Nail polish before namaaz is 'un-Islamic', use mehendi instead, claims latest fatwa from Darul Uloom Deoband

The Darul Uloom Deoband in Uttar Pradesh has issued a fatwa, or a decree, against Muslim women wearing nail polish while offering namaaz or prayers, calling the practice un-Islamic.

Mufti Ishrar Gaura, a cleric at the seminary, said: "Darul Uloom Deoband has issued a fatwa against Muslim women using nail polish because it is un-Islamic and illegal. Rather, women should use mehendi on their nails."

Gaura told ANI that Islam does not prohibit women from using beauty products, and that they can apply nail polish, but before offering namaaz, they have to completely remove it. The cleric argued that a layer of nail paint hinders the "wudu water" (ritual purification) from washing their nails completely.

 Nail polish before namaaz is un-Islamic, use mehendi instead, claims latest fatwa from Darul Uloom Deoband

File image of Mufti Ishrar Gaura. ANI

Farah Faiz, an advocate and national president of the Rashtriyawadi Muslim Mahila Sangh, opposed the fatwa by the theological school.

"They never issue fatwas against men. Islam prohibits a number of things, but those are still carried out by people. They only issue fatwas against women so they do everything with their permission," she said. "The Darul Uloom is even in Pakistan, but they do not issue such orders there. Only the one based in India comes up with such fatwas all the time."

One of the largest Islamic seminaries in India, the Darul Uloom Deoband is often in the news for issuing such fatwas. Earlier this year, the seminary ordered that Muslim women should not watch men playing football, claiming that it violates the tenets of Islam.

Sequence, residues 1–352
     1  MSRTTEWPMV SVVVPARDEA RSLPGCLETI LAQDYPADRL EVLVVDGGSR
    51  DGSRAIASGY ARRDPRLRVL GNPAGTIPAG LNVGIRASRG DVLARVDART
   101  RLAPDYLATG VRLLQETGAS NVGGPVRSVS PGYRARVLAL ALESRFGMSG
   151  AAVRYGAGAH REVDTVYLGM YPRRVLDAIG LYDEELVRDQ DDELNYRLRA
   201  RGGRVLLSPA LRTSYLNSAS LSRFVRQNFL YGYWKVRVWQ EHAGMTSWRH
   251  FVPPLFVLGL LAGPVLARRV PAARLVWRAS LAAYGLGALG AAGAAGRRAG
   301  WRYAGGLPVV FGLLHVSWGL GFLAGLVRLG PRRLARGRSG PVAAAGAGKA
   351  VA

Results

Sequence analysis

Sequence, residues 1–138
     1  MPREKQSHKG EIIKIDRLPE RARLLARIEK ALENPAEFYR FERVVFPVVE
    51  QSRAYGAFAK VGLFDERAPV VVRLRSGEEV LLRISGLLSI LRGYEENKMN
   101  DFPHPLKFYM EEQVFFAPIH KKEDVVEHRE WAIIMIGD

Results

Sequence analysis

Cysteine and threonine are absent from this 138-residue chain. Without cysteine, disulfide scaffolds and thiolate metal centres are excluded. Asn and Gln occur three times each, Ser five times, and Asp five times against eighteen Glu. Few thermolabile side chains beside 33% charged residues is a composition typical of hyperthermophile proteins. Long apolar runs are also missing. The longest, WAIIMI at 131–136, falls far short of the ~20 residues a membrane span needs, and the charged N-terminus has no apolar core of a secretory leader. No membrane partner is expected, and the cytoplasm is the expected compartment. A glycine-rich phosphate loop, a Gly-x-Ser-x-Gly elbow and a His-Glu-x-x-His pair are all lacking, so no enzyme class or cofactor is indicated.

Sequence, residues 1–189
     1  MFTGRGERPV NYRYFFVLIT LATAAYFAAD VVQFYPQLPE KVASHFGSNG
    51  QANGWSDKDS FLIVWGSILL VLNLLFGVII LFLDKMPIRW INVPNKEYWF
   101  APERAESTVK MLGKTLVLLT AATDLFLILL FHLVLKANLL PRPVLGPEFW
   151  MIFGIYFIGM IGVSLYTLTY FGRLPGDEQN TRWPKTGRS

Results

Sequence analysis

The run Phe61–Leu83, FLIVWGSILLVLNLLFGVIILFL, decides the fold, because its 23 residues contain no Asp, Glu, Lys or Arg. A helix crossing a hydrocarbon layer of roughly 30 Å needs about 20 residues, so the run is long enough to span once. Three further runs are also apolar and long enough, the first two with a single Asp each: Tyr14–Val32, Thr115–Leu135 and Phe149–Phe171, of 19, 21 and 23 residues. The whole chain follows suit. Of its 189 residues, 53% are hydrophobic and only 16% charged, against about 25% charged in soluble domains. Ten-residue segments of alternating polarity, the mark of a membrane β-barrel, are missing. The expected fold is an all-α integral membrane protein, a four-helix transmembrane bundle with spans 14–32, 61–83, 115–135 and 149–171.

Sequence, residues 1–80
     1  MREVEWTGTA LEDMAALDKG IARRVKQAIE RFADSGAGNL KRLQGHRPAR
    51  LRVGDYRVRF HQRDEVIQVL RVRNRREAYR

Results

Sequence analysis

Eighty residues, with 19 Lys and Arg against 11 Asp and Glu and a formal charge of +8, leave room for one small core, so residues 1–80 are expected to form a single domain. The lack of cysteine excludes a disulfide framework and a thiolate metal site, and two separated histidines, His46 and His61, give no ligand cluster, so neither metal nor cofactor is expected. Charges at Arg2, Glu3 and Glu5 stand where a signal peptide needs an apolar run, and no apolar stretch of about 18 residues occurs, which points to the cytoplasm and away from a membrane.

"Football is played wearing shorts. So watching men playing with their bare knees is forbidden for women; it's against religious beliefs," senior cleric Mufti Athar Kasmi had said, even as the Sunni Muslim kingdom of Saudi Arabia had allowed women to watch matches at soccer stadiums for the first time in history.

In January, the influential seminary in Uttar Pradesh's Saharanpur had issued a fatwa stating that Islam does not allow women to wear designer or body-hugging burqas. "The veil and burqa are supposed to protect a woman from prying eyes. So a woman wearing a designer burqa or body-hugging outfit is strictly not allowed in Islam," members of the seminary had reportedly said.

The Darul Uloom had also issued a fatwa against celebrating New Year's, observing that it was un-Islamic as the Islamic calendar year starts from Muharram.

On 8 October, 2017, they issued a fatwa banning women from plucking, trimming, shaping their eyebrows and cutting their hair.

Also last year, the seminary had issued a decree prohibiting Muslim men and women from posting their or their families' photographs on social media. The fatwa was issued after a man approached the Darul Uloom, asking whether posting photos on social media sites was allowed in the religion.

With inputs from agencies

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Updated Date: Nov 05, 2018 13:37:16 IST